Farmland the world over is under pressure of conversion to other uses, such as for house lots, parking lots, and industrial development. A NY Times article last week tells the story of loss of farmland due to rising land prices. According to a report by the American Farmland Trust, Massachusetts farmland is ranked ninth in the U.S. as most threatened to conversion. Over a recent decade, 8% of Massachusetts cropland was lost to development.
Our neighbors are writing about the values of farmland and farming in Williamstown, including WRL Trails Committee member and journalist Lauren Stevens, Williamstown Agricultural Commission member Sarah Gardner, and Berkshire Agricultural Ventures director Glenn Bergman. What’s your opinion of the state of farming?
Luckily, avenues exist for farmland preservation in our state. Under the Chapter 61A current use program, farmland owners committed to keeping their land under agricultural practices receive property tax relief for voluntary enrollment. Other landowners have opted to donate or sell their development rights to the public through the Agricultural Preservation Restriction program (APR), or to a trust under a conservation restriction, thereby protecting the farmland for agricultural use forever.
Conserved land remains under ownership of the landholder. Should they decide to sell, any permanent restrictions go with the land. In the case of land under Chapter 61A, in exchange for the tax savings, landowners agree to giving the municipality the right of first refusal to purchase it at fair market value should they choose to sell or convert the land to other uses. The objective of the first refusal option is to allow for the continued sustainable management of the land.
But much of the farmland and productive forestland in Williamstown stands unprotected. This this makes many of us nervous about the local economy, access to healthy foods, and the very rural character of our town.
And this brings us to 0 Oblong Road, Williamstown. The property is under contract for sale and the town is deliberating on whether it will exercise their right of first refusal, or waive it. Because this property and adjacent parcels, that together comprise Sweet Brook Farm, hold a great deal of value as farmland, as ecologically important habitat (e.g., fish, beavers, birds), and as a cultural and scenic asset of our town, many people feel it should be preserved as farmland. To this end, Williamstown Rural Lands is seeking assignment of the town’s first refusal option. Join us at a public hearing with Williamstown Select Board on Monday, November 28 to hear the deliberations and voice your opinion.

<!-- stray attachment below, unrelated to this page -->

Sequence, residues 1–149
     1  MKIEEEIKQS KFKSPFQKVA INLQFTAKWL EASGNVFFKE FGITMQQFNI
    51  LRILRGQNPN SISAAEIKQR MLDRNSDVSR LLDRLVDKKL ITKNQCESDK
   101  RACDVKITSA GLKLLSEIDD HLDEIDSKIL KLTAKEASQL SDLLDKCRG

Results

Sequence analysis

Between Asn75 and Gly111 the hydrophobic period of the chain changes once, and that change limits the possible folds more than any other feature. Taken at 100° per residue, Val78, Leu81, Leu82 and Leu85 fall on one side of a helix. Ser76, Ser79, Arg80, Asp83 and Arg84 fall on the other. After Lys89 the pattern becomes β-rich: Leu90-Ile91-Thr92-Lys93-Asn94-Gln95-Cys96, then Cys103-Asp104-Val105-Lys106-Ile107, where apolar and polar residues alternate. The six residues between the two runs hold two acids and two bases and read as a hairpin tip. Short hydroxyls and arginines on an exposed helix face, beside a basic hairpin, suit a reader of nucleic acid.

We know that local farmland and farming operations are pillars in rural communities. Farms contribute to a town’s economic development, serve to enhance local food security, and comprise a key component of the gorgeous rural landscape and character. People come to our beautiful Williamstown town for weddings and other celebrations in our rural areas and to enjoy our scenic vistas. Consider those shoppers and food producers at farmer’s markets all over Berkshire County, and the food banks that receive food from local farms. Consider the security in knowing that food is produced locally. Consider farming as a livelihood and an identity for farmers, as a cultural asset for this town, and as a security blanket that provides health and well-being to all.
Importantly, know that there are programs and funding opportunities designed to keep farmers farming. And, many people in the Williamstown Rural Lands community who want to help.
– Robin Sears is the Executive Director of Williamstown Rural Lands and welcomes discussion on this topic.